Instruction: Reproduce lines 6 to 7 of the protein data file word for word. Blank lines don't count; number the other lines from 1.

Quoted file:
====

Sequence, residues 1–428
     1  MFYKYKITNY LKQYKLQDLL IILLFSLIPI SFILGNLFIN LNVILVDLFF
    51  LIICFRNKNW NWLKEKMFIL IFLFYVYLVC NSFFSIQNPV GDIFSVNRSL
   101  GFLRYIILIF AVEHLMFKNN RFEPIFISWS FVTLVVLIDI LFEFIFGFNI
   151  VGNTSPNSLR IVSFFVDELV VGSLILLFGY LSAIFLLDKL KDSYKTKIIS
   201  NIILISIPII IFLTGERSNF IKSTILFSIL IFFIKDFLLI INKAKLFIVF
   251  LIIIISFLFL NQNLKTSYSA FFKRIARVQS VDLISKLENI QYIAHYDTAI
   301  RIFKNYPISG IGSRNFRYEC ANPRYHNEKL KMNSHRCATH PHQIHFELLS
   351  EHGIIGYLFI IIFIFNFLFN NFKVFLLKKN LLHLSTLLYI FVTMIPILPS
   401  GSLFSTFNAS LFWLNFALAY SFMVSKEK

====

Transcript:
   201  NIILISIPII IFLTGERSNF IKSTILFSIL IFFIKDFLLI INKAKLFIVF
   251  LIIIISFLFL NQNLKTSYSA FFKRIARVQS VDLISKLENI QYIAHYDTAI